The prevalence of formal banking channels and the ease of sending money through legitimate channels have encouraged expatriates in the United States to remit their income, benefiting the overall remittance inflow. Moreover, the hundi system is not prevalent in the US.
The Bangladesh government has increased the incentive rate from 2 percent to 2.5 percent for sending remittances through banking channels. As a result, the expats are more encouraged to send money via formal channels.
The United States attracts skilled manpower from Bangladesh, resulting in higher income for expatriates. The rising number of Bangladeshi students pursuing higher education in the US contributes to increased remittance inflows.
Comparing the academic year 2021-22 to the previous academic year, the number of Bangladeshi students enrolled in American universities and colleges increased by 23.3%.
According to the 2022 Open Doors Report on International Educational Exchange, a record-breaking 10,597 students from Bangladesh chose to study in the United States during the previous academic year.
The number of Bangladeshi students in the United States has more than tripled over the past decade, increasing from 3,314 during the 2011-12 academic year to 10,597 during the 2021-22 academic year.
More skilled workers:
While the number of Bangladeshis employed in the United States is lower than in other main labor destination countries, the higher income of skilled migrants results in substantial remittance contributions.
Syed Mohammad Kamal, vice president of the American Chamber of Commerce in Bangladesh (AmCham), stated that specialized labor migrated primarily to the United States, where their income is higher than in other nations, which may be the cause of increased remittances from the United States.
“Bangladeshis started to migrate to the US from many before and now a generation has matured who are sending money home,” he added.
Shift in Migration Patterns:
The trend indicates a gradual increase in educational migration to North America, Europe, and Australia, driven by attractive facilities, scholarships, and opportunities for higher studies.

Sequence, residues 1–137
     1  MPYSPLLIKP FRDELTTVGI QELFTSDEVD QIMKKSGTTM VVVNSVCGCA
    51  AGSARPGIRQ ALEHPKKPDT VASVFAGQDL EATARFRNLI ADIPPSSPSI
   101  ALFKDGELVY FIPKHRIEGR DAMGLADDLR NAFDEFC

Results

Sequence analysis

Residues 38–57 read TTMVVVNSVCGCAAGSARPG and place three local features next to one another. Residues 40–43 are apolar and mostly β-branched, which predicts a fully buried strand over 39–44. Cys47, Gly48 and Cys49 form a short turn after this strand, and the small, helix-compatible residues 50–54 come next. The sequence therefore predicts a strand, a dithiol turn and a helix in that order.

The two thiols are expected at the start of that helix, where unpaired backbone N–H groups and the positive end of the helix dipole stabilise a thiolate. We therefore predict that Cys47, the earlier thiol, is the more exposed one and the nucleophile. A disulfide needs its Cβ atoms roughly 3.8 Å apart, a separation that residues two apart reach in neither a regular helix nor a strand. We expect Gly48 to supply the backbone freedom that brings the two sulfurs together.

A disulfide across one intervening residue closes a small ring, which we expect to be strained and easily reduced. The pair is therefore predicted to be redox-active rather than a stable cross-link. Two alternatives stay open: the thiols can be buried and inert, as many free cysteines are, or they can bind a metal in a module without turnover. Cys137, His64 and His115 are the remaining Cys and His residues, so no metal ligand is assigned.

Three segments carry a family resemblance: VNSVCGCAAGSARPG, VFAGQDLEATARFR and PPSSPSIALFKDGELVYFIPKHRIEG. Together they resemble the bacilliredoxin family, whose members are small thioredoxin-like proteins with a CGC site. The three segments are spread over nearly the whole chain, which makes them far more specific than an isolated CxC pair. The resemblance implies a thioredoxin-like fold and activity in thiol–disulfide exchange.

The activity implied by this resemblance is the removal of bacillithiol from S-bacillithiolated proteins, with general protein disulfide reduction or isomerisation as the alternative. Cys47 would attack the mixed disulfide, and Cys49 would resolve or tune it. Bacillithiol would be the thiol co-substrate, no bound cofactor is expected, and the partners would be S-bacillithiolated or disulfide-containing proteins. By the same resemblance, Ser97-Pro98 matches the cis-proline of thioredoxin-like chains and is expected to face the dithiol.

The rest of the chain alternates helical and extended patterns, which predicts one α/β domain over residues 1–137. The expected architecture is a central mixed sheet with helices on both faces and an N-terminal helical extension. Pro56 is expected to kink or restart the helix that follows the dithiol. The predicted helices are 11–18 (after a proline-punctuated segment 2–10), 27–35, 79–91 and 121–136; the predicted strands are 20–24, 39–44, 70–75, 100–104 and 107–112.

Challenges in the Middle East
Saudi Arabia is the largest labour destination country for Bangladesh with nearly 40% share in total exported manpower, according to Bureau of Manpower, Employment and Training (BMET) statistics. Yet, remittance inflow is comparatively less than the US, and factors contributing to the situation include-
Despite an increase in the export of manpower, Middle Eastern countries still heavily rely on the informal Hundi system for remittance, which limits the amount of remittance sent through formal channels.
Unemployment and Low Income:
The Middle East has experienced economic challenges, resulting in higher unemployment rates and lower income for expatriate workers. Despite the new export of manpower in the last few years, many people have been living unemployed for a long time. These factors contribute to reduced remittance inflows from the region, including countries like Saudi Arabia and the United Arab Emirates.
Remittance inflows increased to a record high in March
The country’s inflow of remittances slowed after the dollar crisis emerged. Pahela Baisakh and Eid ul Fitr, two major holidays in Bangladesh, had record-breaking remittances. During the festivals, remittance reception generally increases. According to data from the Bangladesh Bank, non-resident Bangladeshis sent $2.02 billion in March, an increase of 8.6 percent from the previous year.
Additionally, banks anticipate a substantial increase in remittances during Eid al-Adha.